NEW YORK ( ETF Digest) -- Last week, the Merval, Argentina's benchmark stock index, finished slightly down amid a growing clash between the Argentine government and YPF SA, the largest oil and gas company in Argentina. While the Global X FTSE Argentina 20 ETF (ARGT) was slightly up last week, the dispute has investors rattled. The conflict centers on an Argentine government request that YPF SA reinvest its last two years' earnings in production and exploration rather than pay dividends to stockholders. The majority Spanish-owned company has been the target of mounting criticism by Argentine government officials, not least of whom President Cristina Kirchner, for failing to boost production.
Argentina, once a net oil and natural gas exporter, has experienced a steep decline in oil production since 1999 with a precipitous 32% fall since 1998. This has necessitated growing petroleum imports which erased as much as $5 billion from Argentina's trade surplus last year. The escalating dispute with YPF SA took a dramatic turn on Sunday when the Patagonian province of Chubut stripped the company of two of its oil field concessions, claiming it had failed to fulfill investment promises. The move has investors wondering if nationalization could be a possibility in the future, and has further strained relations between Argentina and Spain. Repsol, which owns 57.43% of YPF, is one of Spain's largest companies. YPF SA is the second largest holding in ARGT after Tenaris SA (22.1%), with a 9.6% allocation, and the fund has a high 0.75% expense ratio. Any further major move against YPF by the Argentine government is likely to have a significant effect not just on YPF SA or ARGT, but on the investment climate as a whole in Argentina. Both ARGT and YPF are down, but YPF has fallen as much as 15% on growing investor fear of a government intervention. Compare the iShares MSCI Emerging Markets Index Fund (EEM)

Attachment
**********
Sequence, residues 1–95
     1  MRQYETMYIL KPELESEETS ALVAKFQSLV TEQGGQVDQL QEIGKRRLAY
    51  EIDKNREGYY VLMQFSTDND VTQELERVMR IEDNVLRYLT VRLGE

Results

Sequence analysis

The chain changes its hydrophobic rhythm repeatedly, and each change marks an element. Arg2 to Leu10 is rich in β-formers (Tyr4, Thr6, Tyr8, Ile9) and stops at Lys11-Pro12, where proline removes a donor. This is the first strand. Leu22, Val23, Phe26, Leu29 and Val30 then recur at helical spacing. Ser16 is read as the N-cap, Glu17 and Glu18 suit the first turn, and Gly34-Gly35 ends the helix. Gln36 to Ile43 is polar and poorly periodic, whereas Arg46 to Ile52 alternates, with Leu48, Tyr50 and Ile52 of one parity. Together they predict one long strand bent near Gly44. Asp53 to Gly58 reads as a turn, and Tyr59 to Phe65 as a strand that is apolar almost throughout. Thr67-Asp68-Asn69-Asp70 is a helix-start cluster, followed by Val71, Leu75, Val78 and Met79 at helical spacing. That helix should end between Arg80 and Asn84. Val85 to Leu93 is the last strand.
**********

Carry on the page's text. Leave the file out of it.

in blue to Global X FTSE Argentina 20 ETF (ARGT) in red . ARGT closely follows EEM until ARGT diverges sharply downward in early 2012. Join the conversation with us on Twitter & Facebook .